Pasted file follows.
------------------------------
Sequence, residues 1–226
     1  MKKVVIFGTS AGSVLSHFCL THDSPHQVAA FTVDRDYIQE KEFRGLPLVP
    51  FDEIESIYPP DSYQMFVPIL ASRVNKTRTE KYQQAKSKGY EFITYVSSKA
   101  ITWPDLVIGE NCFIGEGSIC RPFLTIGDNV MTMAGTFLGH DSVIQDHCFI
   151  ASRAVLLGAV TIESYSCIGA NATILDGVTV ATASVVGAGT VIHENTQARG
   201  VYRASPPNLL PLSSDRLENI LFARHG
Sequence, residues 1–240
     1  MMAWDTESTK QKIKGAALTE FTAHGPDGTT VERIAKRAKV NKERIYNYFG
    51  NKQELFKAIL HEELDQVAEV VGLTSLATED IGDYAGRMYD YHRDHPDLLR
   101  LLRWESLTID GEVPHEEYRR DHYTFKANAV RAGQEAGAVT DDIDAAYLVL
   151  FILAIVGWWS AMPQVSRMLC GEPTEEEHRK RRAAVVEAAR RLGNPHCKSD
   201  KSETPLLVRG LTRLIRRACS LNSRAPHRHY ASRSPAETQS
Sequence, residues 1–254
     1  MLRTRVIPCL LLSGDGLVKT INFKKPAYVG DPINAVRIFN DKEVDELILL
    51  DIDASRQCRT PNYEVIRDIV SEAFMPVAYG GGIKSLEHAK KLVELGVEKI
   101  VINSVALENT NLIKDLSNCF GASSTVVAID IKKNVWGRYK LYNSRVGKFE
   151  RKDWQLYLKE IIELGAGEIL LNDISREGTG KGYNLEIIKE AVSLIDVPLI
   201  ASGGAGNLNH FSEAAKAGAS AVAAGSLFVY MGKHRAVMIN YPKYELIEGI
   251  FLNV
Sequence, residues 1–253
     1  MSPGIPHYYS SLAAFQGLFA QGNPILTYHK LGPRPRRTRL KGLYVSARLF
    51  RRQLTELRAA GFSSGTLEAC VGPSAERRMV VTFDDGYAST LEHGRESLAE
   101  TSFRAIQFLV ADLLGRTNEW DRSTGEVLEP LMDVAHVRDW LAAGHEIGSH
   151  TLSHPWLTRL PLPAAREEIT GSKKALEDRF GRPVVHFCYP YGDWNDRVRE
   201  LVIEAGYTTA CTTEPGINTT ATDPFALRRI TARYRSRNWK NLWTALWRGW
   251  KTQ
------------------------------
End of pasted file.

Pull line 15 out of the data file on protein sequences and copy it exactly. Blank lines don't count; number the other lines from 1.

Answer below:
    51  DIDASRQCRT PNYEVIRDIV SEAFMPVAYG GGIKSLEHAK KLVELGVEKI